12 Best 75% Keyboards

The mechanical keyboard market is very diverse. Aside from the ultra-portable 60% models along with a variation in the design that are 65% keyboards, you can also get so-called 75% keyboards. These are as rare as 65% percent models and the market is pretty niche.

There’s a fair share of awesome custom 75% keyboards, but we won’t deal with these today. This list includes the best 75% keyboards that you can find at large online retailers. Models featured here are available to everyone, you don’t need an invite, a group order, or in-depth knowledge about mechanical keyboards to find and buy 75% keyboards featured in our best 75% keyboards list. But before we share the first entry, let’s explain the 75% form factor.

Best 75% Keyboards – Our Picks

Best 75% Keyboards – Our Picks
AwardModel 
Best Wireless 75% KeyboardKeychron K2 keychron k2 rgb
EPOMAKER Magicforce Smart 82-Key epomaker magicforce smart 82 key
Best Budget 75% KeyboardDREVO Gramr 84 drevo gramr 84
E-Element Z-88 e element z 88
Ajazz AK33 Geek ajazz ak33 geek
75% Keyboard With Best DesignVortexgear Race 3 vortexgear race 3
EPOMAKER AKKO 3084 9009 Retro 84 epomaker akko 3084 9009 retro 84
Keycool Race 84 Mini keycool race 84 mini
Best 75% Keyboard With Topre-Like SwitchesEpomaker NIZ Plum 84 Pro epomaker niz plum 84 pro
Best 75% Keyboard For MacMatias FK303 Mini Tactile Pro matias fk303 mini tactile pro
Matias FK303QBT Laptop Pro matias fk303qbt laptop pro
The Most Affordable 75% Mechanical KeyboardVelocifire TKL78 Wired MK velocifire tkl78 wired mk

What Are 75% Keyboards?

In short, 75% keyboards are 60% keyboards with the added function row. While some models include almost every key found above arrow keys, most models include the following keys: Page Up, Page Down, Home, End, and Delete. These keys are tightly packed along with the arrow keys, to retain the portable design. This is quite different from TKL keyboards, which are much larger even though they have only a couple of extra keys compared to 75% keyboards. Now, let’s check those keyboards.

Best Wireless 75% Keyboard

Keychron K2 RGB
Dimensions (L×W×H)317 × 129 × 38.5 mm
12.48 × 5.08 × 1.52 inches
Switch typeGateron Blue, Brown or Red
ConnectivityWireless, Wired
Height AdjustableYes

The K2 from Keychron is an excellent wireless 75% keyboard, one of the best on the market. It features amazing build quality with metal frame and zero flex. The keycaps are a bit wobbly on the other hand, along with some weird feeling when typing thanks to the hollow frame of the keyboard. The design is excellent, with thin borders and pleasing color combinations. The keyboard should be great both for Windows and Mac users since it comes with two sets of keycaps for Mac OS-specific keys. Do note that the PBT keycaps version of the keyboard is selling separately. The regular version comes with lower quality keycaps. These feel nice but aren’t as robust as the PBT keycaps.

The wireless performance is excellent 99 percent of the time. Using Bluetooth connection will induce occasional moments of lag, but in the amount that shouldn’t be worrying. The RGB version of the keyboard has pretty dim lighting. This also stands for the single-color backlighting version. When it comes to battery life you can expect about seven days of usage before recharging. Finally, the keyboard is available in various Gateron switches, which feel pretty good but not as good as their Cherry MX counterparts.

EPOMAKER Magicforce Smart 82-Key
Dimensions (L×W×H)313 × 127 × 40 mm
12.32 × 5.00 × 1.57 inches
Switch typeGateron Blue or Red
ConnectivityWireless, Wired
Height AdjustableYes

Next, we have the EPOMAKER Magicforce, which is another wireless 75% keyboard that comes with Gateron switches. This one features a minimalistic design, sort of a low-profile design, with white and grey or pink keycaps, which is even better than the design of the Keychron K2. Build quality is excellent, with a metal frame and excellent keycaps stabilization. The typing experience on this keyboard is as good as it gets and the backlighting is brighter than on the K2. As for the wireless performance, expect excellent stability with very rare and very short moments of lag. Overall, this is another superb wireless 75% keyboard that sells for less than the K2 from Keychron.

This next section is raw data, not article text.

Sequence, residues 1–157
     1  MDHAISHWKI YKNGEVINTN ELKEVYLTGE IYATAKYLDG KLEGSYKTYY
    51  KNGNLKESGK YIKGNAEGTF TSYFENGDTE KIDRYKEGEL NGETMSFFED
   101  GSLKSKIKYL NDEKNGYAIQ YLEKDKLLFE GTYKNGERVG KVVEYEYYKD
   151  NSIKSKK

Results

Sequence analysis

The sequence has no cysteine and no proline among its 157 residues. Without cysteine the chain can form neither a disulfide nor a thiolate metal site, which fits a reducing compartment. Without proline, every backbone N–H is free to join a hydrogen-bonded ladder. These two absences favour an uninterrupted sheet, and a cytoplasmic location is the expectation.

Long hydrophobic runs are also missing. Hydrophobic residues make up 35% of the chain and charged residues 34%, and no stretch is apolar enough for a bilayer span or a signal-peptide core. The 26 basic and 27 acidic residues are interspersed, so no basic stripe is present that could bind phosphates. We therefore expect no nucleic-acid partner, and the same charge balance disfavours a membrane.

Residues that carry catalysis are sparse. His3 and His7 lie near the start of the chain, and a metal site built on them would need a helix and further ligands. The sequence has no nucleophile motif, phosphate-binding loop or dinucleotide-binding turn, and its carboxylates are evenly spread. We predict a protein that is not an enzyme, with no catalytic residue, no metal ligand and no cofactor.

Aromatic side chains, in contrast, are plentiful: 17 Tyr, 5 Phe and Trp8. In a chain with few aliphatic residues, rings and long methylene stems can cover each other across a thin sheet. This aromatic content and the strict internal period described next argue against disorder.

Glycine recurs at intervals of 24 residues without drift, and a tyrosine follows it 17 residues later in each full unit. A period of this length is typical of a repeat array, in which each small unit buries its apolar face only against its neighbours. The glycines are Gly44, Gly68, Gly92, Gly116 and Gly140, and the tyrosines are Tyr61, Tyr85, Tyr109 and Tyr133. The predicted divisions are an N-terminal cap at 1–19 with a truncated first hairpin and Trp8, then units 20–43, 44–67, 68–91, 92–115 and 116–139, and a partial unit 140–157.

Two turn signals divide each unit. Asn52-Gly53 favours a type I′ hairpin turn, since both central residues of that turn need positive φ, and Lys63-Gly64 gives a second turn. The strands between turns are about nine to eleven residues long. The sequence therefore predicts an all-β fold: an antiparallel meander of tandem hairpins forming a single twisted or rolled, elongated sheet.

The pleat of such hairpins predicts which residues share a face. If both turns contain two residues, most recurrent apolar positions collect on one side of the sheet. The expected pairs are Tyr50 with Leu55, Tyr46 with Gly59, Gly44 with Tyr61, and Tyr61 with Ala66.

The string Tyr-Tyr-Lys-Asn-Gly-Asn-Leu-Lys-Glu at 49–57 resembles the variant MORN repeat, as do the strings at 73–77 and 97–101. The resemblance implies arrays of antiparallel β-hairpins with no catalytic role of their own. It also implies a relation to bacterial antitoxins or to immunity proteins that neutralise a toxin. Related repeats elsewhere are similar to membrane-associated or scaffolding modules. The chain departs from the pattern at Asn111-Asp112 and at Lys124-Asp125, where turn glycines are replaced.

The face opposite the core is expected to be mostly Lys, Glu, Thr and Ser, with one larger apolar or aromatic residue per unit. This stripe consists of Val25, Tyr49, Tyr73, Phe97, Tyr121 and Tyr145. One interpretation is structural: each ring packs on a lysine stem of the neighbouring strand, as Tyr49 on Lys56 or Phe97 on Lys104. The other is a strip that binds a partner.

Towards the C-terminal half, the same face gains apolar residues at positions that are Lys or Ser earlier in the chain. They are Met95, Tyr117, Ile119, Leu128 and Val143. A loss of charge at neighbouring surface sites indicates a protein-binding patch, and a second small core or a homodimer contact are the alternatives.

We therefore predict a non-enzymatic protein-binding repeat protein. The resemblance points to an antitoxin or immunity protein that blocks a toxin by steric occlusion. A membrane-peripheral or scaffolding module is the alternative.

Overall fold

Best Budget 75% Keyboard

DREVO Gramr 84
Dimensions (L×W×H)320 × 134 × 37 mm
12.60 × 5.28 × 1.46 inches
Switch typeOutemu Black, Blue, Brown or Red
ConnectivityWired
Height AdjustableYes

If you’re looking for a budget 75% keyboard, we’ve picked three models that sell at very competitive prices. The first one is the DREVO Gramr 84. It features the classic minimalistic design and is available in black or white color scheme. You can also pick between single color and RGB backlighting. The keycaps are made of ABS plastic but are double shot and should last for a long time. The build quality is pretty solid for the price. The base plate is made of plastic but it feels firm. The keyboard features Outemu switches and you can pick between black, blue, brown, and red switches. Overall, this is an excellent deal.

E-Element Z-88
Dimensions (L×W×H)310 × 102 × 37 mm
12.20 × 4.84 × 1.46 inches
Switch typeOutemu Blue, Brown or Red
ConnectivityWired
Height AdjustableYes

Next, we have the E-Element Z-88. This is another 75% keyboard with Outemu switches and lots of color choices. It features RGB backlighting and ABS double-shot keycaps. The build quality here is pretty good. The base plate combines plastic and metal and is as firm as on much more expensive keyboards. Overall, this is another great deal but we prefer the DREVO Gramr 84 because we like its design more and because it’s cheaper.

Ajazz AK33 Geek
Dimensions (L×W×H)310 × 120 × 37 mm
12.20 × 4.72 × 1.45 inches
Switch typeOutemu Black or Blue
ConnectivityWired
Height AdjustableYes

Finally, there’s the Ajazz AK33 Geek. As with the other two models, this one also features Outemu switches, but only in black and blue flavors. You can also pick between single-color and RGB backlighting, with ABS keycaps and metal and plastic frame that is pretty tough. The design is very similar to the previous two models and the price is in between the two previous picks. This is another great deal so, in the end, the decision on which of the three to get is up to you.

75% Keyboard With Best Design

Vortexgear Race 3
Dimensions (L×W×H)310 × 120 × 30 mm
12.21 × 4.73 × 1.18 inches
Switch typeCherry MX
ConnectivityWired
Height AdjustableNo

For users looking for slick design and unique looks, we present three 75% mechanical keyboards that feature original designs. The first is the Vortexgear Race 3. We like its multi-colored design that combines variously colored keycaps into an attractive layout. The keyboard’s build quality is top-notch. Everything stays firm and without flex even if you put all your strength into trying to break the keyboard.

PBT keycaps feel great and the typing experience is very pleasant. Performance is great since we’re talking about Cherry MX blue switches here. The only negative is that they can be pretty loud, especially at night. Also, the keyboard doesn’t offer any backlighting, which is a definite minus for such an expensive keyboard. Luckily, you can get the RGB backlighting version on mechanicalkeyboards.com. Just be warned, the RGB backlighting is pretty bad since keycaps aren’t see-through. There you can also pick between various Cherry MX switches, you aren’t limited to Blue ones.